I get so much joy from my garden that I call it my happy place. If I need a quick work break, I pop outside and do a quick walk through from my garden to pull a few weeds. When the kiddo asks what we’re going to do any particular evening, we usually say, “oh, we’ll probably work in the garden.” Our garden is so large that I can never get a good photo of its scope. I even climbed up on the roof in the hopes of finally capturing a good photo of the entire garden from a loftier vantage point. No dice.
We often receive comments on our garden by pedestrians (even people stopping their cars!) and such comments fill me with pride. After all, we have worked hard (and spent a not insignificant chunk of change) to make our corner-lot garden as attractive to others as it is fulfilling to us. We want our garden to be visually appealing because it is situated on a corner lot. Most of the comments are positive ones about how the garden looks fantastic, is growing well, or something akin to it. Other times, we just see the body language: the broad smile and the appreciative nod. We’ve only ever received one negative comment, and one of our neighbors complained when we cut down the two large oak trees to make way for our over-the-top garden. He seemed mollified somewhat when we told him our plans to plant fruit trees and garden years ago, and he sometimes now chats with us about our garden or just says hello pleasantly as he walks by.
I do, however, have a type of comment that I hate to receive about our garden. Inevitably, I’ll be chatting with a pedestrian standing near our garden or even a friend somewhere entirely else, and the person will say like, “I have a garden too!” or “my garden is coming along nicely this year,” but then the individual will dismiss their own work by saying, “it’s nothing like this” or “it’s nothing like your garden.” I hate, hate, hate to hear those comments because the person is dismissing their own relationship with their garden. Maybe the person is trying not to brag or trying to be polite, but it always seems self-critical to me. I don’t care if you’re only growing a tomato plant on your balcony: you are growing something! If you only have one small plot in which to plant something, I’m darn happy for you! You are a gardener! You are cultivating something and hoping for the uncertain rewards that all gardeners face! In my book, you are a gardener!
All gardening on some level is an experiment in patience, hope, loss, and success. My carrots are doing terribly again this year. My broccoli bolted because the weather was as funky as you could possibly imagine. My chamomile is still not sprouting, and I’m not sure whether to give up on it and plant something else in its place yet. Our garden looks impressive, absolutely, but we have our fails amid the successes just like anyone with any plot (or pot!) of soil.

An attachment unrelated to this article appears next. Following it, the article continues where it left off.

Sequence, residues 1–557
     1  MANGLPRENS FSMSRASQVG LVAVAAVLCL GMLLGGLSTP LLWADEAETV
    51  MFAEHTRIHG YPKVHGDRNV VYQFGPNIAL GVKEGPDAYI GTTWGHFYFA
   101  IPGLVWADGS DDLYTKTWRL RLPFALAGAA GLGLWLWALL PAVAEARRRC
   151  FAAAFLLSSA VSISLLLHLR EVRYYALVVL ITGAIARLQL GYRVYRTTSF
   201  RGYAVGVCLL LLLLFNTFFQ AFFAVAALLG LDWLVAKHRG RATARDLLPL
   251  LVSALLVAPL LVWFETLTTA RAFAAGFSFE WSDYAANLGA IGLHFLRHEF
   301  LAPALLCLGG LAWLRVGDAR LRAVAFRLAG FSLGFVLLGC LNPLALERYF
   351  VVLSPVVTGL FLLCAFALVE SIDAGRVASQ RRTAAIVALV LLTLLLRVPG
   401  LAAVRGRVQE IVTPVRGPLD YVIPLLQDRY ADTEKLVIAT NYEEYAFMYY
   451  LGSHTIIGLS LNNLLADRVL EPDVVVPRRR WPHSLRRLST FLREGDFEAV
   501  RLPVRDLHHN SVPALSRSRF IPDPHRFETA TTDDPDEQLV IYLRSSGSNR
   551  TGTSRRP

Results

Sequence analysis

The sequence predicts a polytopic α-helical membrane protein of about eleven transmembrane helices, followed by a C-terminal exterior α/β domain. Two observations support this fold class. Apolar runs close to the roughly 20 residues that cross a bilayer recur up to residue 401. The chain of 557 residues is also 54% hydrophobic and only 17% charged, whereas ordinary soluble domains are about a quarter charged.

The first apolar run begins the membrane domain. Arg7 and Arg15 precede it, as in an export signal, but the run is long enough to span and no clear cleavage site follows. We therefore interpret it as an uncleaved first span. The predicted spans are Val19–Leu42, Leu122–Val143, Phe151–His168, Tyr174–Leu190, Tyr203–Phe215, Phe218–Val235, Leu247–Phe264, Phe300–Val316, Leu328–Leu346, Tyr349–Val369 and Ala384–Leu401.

Recently, one of the replacement postal workers was on our route, and he stopped to ask a couple questions about what was growing in our garden. We chatted about the greens that were in the bed, the bed’s poor placement, how the plants were struggling as a result, and my plans to move the bed next year to rectify the problem. We looked at the problematic oak tree together with squinted eyes and talked about shade. The short conversation was productive and helpful; he was interested in planting a few more plants in his own garden and wasn’t sure the right place to plant them to get sufficient sunlight. Still, I wish, wish, wish, he wouldn’t have dismissed his own gardening endeavors with that defeatist comparison and hand gesturing out over our garden, “it’s nothing like this.”
We have a rather gigantic garden for a city lot, so we spend a proportionally large amount of time cultivating our garden. Not everyone has the love of gardening that we do, or the time to commit to it. My husband would probably even argue that we don’t have the time to commit to it and jokes about operating a small farm. If you’re growing anything, even if you kill it because you forgot to water it or think you have a black thumb of death instead of a green one, I’m proud of you. I celebrate your efforts because you’re attempting to grow your own food or beautify a small place with a few potted flowers. We gardeners all start somewhere, and that somewhere is a place to revel in no matter its size or success. Let’s avoid self-defeating comparisons and exchange tips and ideas instead. Let’s talk each other up! Such camaraderie is much more beneficial and fulfilling.